Originally, I thought this was somewhere close to the north-west corner of today’s Buckingham Palace, according to Wikipedia.

However, Latham & Matthews (under “Gardens” in the Index) list this particular Mulberry Garden as being in Hyde Park. I can’t find a reference anywhere to an exact location.

4 Annotations

First Reading

Terry Foreman  •  Link

"The...Mulberry-Garden...was a four acre orchard, planted by James I in 1609, on the site of the present (north-west corner of) Buckingham Palace. King James had been hoping to kickstart English silkworm production, but unfortunately chose the wrong sort of bush. Clement Walker in ‘Anarchia Anglicana’ (1649) refers to “new-erected sodoms and spintries at the Mulberry Garden at S. James’s”; which suggests it may at that date have been a place of debauchery."…

Second Reading

Bill  •  Link

Mulberry Garden (The), a place of public entertainment, temp. Charles I. and Charles II. The subject of a comedy by Sir Charles Sedley, and constantly referred to by the Charles II. dramatists. It occupied the site of the present Buckingham Palace and gardens, and derived its name from a garden of mulberry trees planted by King James I. in 1609, in which year £935 was expended by the King for "embanking a piece of ground and for planting of mulberry trees, near the palace of Westminster." James was anxious to introduce the mulberry into general cultivation for the sake of encouraging the manufacture of English silks. It was at this time that Shakespeare planted his mulberry tree at Stratford-on-Avon. Charles I., by letters patent, dated July 17, in the fourth year of his reign, granted to Walter, Lord Aston, on surrender of Jasper Hallenge, "the custody and keeping of the Mulberry Garden near St. James's, in the county of Middlesex, and of the mulberries and silkworms there, and of all the houses and buildings to the same garden belonging, for his own and his son's life, or the life of the longest liver." The name occurs for the first time in 1627 in the rate-books of the parish of St . Martin's-in-the-Fields. Before 1632 Lord Goring purchased the post from Lord Aston for £800, and gave his own name to the residence. The house was then occupied for a time by Speaker Lenthal, while the garden sank into a place of public entertainment . At the Restoration Goring returned to it; and, dying within two years, it was sold by his son and successor to Bennet, the newly created Baron Arlington, who was living here in March 1665, when Evelyn went there and described it as "ill-built, but capable of being made a very pretty villa." In 1671 the second and last Lord Goring died, and the grounds were demised by Charles II. (September 28, 1673) to Bennet, Earl of Arlington, at a rent of £1 per annum. Goring House, with all its valuable contents, was destroyed by fire September 20, 1674, whilst the family were at Bath. The Mulberry Garden, as a place of entertainment, was closed about the same time.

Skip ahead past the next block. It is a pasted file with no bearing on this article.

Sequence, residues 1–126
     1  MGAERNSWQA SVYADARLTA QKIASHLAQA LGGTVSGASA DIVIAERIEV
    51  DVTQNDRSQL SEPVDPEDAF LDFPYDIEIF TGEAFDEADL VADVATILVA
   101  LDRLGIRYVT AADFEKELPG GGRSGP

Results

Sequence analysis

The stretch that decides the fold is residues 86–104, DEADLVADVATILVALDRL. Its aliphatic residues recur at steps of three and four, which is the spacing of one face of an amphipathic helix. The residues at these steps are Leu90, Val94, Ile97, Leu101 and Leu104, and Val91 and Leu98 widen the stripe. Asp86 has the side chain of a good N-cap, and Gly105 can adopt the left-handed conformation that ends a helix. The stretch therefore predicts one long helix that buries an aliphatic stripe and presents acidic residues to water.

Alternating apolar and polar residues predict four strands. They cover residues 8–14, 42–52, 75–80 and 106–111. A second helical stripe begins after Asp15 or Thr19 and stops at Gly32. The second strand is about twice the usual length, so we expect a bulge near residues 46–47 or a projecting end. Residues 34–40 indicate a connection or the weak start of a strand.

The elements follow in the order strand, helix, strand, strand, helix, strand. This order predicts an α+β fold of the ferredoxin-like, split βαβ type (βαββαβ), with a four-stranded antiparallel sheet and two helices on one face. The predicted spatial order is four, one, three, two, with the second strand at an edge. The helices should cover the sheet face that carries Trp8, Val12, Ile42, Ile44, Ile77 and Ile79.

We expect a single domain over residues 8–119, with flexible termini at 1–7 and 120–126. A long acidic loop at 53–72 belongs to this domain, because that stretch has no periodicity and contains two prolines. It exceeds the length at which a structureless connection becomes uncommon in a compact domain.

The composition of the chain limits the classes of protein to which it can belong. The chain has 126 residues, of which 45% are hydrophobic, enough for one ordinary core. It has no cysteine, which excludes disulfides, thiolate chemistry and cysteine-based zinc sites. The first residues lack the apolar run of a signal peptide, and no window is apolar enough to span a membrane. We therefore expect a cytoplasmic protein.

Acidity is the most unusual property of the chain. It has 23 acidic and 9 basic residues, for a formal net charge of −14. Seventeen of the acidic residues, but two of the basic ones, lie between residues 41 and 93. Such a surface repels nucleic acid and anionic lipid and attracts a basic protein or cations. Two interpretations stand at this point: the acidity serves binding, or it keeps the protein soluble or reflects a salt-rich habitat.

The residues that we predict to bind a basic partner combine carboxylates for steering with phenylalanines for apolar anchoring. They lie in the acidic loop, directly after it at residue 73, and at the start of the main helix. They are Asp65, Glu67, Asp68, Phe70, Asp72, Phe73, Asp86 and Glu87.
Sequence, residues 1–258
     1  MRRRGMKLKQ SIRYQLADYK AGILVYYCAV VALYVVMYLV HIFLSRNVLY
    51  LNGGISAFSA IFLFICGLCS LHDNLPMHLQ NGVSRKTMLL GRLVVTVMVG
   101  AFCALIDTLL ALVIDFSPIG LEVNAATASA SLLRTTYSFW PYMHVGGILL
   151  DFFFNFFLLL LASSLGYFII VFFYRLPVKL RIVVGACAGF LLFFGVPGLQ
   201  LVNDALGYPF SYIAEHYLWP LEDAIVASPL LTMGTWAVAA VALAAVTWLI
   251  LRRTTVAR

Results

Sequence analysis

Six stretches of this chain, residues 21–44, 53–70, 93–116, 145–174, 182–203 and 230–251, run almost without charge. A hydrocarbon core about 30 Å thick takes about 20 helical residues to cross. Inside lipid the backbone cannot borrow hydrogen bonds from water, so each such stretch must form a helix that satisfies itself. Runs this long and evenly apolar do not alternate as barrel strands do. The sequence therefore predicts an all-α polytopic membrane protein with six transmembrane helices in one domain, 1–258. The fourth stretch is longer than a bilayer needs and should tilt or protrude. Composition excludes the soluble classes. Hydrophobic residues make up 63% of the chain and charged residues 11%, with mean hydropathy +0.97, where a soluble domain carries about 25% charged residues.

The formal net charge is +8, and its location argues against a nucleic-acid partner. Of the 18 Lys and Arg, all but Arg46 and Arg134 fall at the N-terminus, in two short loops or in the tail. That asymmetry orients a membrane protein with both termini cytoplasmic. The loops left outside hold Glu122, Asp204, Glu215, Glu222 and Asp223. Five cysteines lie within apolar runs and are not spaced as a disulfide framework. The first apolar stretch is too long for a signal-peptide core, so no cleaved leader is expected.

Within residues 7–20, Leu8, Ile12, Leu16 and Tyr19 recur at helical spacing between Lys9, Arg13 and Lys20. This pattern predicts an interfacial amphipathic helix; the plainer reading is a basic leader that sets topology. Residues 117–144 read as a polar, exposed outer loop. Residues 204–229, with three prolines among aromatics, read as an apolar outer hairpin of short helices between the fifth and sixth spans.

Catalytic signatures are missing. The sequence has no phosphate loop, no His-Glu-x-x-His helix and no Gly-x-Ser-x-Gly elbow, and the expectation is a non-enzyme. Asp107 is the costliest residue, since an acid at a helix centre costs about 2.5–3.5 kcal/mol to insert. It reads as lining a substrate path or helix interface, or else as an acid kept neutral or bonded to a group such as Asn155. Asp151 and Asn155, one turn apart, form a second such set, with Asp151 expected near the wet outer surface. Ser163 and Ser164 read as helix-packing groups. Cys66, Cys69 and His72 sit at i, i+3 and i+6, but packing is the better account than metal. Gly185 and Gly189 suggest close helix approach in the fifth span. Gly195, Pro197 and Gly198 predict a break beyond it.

---London, Past and Present. H.B. Wheatley, 1891.

San Diego Sarah  •  Link

King James' efforts to start an English silk industry led to the wrong type of mulberry trees being planted all over England. There are a few still living in the London area. To celebrate a successful law suit to protect the one in Bethnal Green, Spitalfield's Life has collected photos of all the known surviving London area specimens, which are at
The Tower of London
Charlton House
The Middle Temple
King's Bench Walk
Stoke Newington
Victoria Park
The Commissioner's Garden at the Royal Naval Dockyards, Chatham
Mile End Place
Abbey Wood
Syon House
Sayes Court, Deptford -- Evelyn's Home
Bunhill Fields
The London Chest Hospital

If you can, find one or two and give them some love. They have seen a lot.…

Log in to post an annotation.

If you don't have an account, then register here.


Chart showing the number of references in each month of the diary’s entries.


  • May



  • Apr